I can't say for sure which kind of hunters I encountered this weekend but honestly, I was kind of fascinated by them.  They all used horses or mules and many were in full blown western gear.  The one I talked to was waiting for the rest of his party to return for the day.  He didn't mind me photographing the heads- I told him I was looking for birds, particularly grouse, and he said there had been some around earlier, but "mostly just blue jays and camp robbers."

Who knows, maybe they were douchebags.  But still nowhere near as douchey as the local duck hunters I'm used to encountering.

Wow, sorry, anyway...  I wanted to camp out there mainly because it was new territory for me- a corner of the state that was still a mystery to me and I wanted to do some exploring.  Plus birds.  I began explorations by getting off the interstate at Old Emigrant Hill Road and taking the scenic route towards Spring Creek.  I stopped to check out this feather in the road:

I'm stumped.  I made it to the Spring Creek area where I had heard rumors of Great Gray Owls.  I was not expecting a billboard with a map of all the known owl nesting sites.  Wow.  I will be returning next spring for sure.  Also in the area:

When leaving the area I found this:

You better believe I checked to see if there were any filled bags in there- nope.  I kept driving stopping to check out Hilgard Junction (yawn) and finally made it to La Grande.  From there I drove out of town towards Cove, stopping to peak at a Swainson's Hawk on a pole.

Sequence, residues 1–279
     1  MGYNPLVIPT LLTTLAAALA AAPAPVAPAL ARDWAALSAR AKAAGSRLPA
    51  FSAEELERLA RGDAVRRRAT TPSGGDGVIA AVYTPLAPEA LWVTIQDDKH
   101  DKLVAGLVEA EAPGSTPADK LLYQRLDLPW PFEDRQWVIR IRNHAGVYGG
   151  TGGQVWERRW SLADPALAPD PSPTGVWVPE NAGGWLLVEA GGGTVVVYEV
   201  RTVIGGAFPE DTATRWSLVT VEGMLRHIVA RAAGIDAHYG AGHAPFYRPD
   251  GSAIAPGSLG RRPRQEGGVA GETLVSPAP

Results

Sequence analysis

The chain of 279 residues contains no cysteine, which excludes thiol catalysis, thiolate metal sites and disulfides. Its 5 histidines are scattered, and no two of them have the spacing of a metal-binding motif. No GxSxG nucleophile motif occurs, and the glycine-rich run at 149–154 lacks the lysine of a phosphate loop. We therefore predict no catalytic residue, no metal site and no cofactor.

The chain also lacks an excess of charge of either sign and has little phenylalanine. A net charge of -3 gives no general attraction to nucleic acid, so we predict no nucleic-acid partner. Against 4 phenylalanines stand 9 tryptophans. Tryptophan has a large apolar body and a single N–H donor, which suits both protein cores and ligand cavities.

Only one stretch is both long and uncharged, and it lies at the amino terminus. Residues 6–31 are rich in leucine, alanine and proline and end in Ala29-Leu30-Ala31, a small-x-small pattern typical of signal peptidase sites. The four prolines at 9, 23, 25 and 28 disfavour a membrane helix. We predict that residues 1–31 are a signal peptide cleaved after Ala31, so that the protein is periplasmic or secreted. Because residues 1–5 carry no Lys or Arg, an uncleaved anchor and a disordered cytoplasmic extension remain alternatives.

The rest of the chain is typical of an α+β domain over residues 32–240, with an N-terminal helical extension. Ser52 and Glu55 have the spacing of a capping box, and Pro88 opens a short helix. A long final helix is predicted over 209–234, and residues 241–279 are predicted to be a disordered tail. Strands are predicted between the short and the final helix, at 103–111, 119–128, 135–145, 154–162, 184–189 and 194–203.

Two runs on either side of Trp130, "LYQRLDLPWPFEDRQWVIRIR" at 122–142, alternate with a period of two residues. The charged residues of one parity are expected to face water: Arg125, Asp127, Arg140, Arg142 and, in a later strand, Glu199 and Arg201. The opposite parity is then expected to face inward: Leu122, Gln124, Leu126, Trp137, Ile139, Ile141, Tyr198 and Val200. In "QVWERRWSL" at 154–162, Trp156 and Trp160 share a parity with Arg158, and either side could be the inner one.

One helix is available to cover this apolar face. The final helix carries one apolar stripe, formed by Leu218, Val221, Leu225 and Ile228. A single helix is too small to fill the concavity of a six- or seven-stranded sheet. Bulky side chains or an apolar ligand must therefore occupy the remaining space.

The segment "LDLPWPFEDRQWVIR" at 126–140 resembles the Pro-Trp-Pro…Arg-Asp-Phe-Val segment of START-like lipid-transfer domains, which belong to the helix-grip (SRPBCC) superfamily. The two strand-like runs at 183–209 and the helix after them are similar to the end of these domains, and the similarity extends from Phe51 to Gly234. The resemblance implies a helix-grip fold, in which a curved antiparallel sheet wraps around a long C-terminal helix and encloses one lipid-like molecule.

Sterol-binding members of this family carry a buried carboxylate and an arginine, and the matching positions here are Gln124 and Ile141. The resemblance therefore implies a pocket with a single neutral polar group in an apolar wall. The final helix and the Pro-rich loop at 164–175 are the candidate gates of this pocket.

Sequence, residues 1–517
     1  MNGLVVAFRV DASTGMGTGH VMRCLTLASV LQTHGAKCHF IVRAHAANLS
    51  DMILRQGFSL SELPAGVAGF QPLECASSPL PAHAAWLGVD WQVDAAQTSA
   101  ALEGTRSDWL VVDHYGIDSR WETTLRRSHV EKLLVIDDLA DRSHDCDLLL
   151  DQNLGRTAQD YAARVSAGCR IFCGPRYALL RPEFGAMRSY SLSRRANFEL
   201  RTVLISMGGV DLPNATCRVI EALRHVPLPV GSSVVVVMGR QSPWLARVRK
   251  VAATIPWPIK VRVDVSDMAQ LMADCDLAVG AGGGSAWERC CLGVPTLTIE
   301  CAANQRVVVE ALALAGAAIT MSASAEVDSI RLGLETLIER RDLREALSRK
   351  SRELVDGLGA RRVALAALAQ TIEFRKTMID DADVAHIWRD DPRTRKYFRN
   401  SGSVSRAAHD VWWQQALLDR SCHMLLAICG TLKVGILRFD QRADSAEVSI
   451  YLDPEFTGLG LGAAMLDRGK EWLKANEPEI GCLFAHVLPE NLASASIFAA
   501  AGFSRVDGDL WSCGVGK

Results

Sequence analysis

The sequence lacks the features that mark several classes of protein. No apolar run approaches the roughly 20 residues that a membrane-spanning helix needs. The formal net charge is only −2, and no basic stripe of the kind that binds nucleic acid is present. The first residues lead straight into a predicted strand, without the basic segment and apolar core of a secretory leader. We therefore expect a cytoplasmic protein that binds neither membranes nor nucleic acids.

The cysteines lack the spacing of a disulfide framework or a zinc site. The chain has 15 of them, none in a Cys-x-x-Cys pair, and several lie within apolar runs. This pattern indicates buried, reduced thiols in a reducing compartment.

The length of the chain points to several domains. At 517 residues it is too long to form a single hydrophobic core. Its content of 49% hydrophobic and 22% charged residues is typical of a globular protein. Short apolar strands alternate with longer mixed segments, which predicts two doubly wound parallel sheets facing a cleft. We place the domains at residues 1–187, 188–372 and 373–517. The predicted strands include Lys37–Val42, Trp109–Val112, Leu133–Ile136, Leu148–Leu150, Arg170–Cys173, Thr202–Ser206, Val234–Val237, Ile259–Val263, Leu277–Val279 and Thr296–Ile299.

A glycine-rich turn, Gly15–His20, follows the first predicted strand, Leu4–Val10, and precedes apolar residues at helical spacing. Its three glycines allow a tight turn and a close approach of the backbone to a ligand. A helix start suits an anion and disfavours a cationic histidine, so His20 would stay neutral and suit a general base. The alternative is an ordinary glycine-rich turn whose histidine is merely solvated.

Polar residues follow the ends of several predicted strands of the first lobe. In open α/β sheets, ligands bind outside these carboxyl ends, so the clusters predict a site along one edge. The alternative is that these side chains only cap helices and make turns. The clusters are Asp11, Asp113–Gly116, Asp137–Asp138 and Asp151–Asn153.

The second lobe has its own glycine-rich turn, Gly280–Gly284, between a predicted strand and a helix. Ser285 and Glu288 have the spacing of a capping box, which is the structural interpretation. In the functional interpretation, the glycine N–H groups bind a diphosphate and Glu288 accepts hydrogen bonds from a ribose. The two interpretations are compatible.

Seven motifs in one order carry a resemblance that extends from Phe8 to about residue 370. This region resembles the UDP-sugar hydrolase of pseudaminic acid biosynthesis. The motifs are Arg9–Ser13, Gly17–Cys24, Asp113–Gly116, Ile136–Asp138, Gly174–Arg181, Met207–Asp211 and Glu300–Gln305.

From Cove I drove up Forest Road 6220 to the Moss Springs Guard Station Campground to settle in for the evening.  This is where I encountered the "heads" on display and more horses and mules than I am used to camping near.  Between those animals and the local mule deer, our evening dog walk was quite exciting.

The birds were all the noisy and expected ones- Clark's Nutcrackers, Gray Jays, Steller's Jays, etc.  In the morning we got up and on the road to start looking for grouse when I realized I had a flat tire.  It took me about 45 minutes to get the spare on (15 minutes of which were spent looking for where the damn jack was hiding) and we were back in action.  Maybe a mile down the road I was thrilled to find three Ruffed Grouse!

Boom!  Flat tire worth it!  Before this I had only seen one Ruffed Grouse, back in my pre-birding days in 2008, on a hike in the Hoh Rainforest in Olympic National Park.  It was the first bird I ever looked up in a field guide.  Not a spark bird, but it was definitely the beginning of the desire to identify things.

After a visit to the Les Schwab in La Grande where they found a shoddy patch on an old puncture had worn off, I drove up and into the Blue Mountains and Umatilla National Forest.  I stopped at a viewpoint along highway 204 that was, well...

The reason for this diversion?  Somewhere I had read that there's a campground where in September and October, Boreal Owl is possible.  Enough said, right?  Unfortunately the campground was located 12 miles down Forest Road 6403.  My car said hell no after the first mile.  But it was a beautiful mile.

 This was the place for accipiters.  First this bird came flying over...


Later I watched two accipiters battling in the distant sky.  I was unable to turn either bird into a goshawk despite a decent effort.  I left this beautiful spot to head towards our camping destination for that night:  Lick Creek Campground along the Hells Canyon Scenic Byway.  I believe suggested this location as "famous" for Spruce Grouse.

Nope.  Barely any birds around, even on a long walk with the dogs.  A Belted Kingfisher working the creek was the only new one for the trip there.  Again I was the only non-hunter camping there.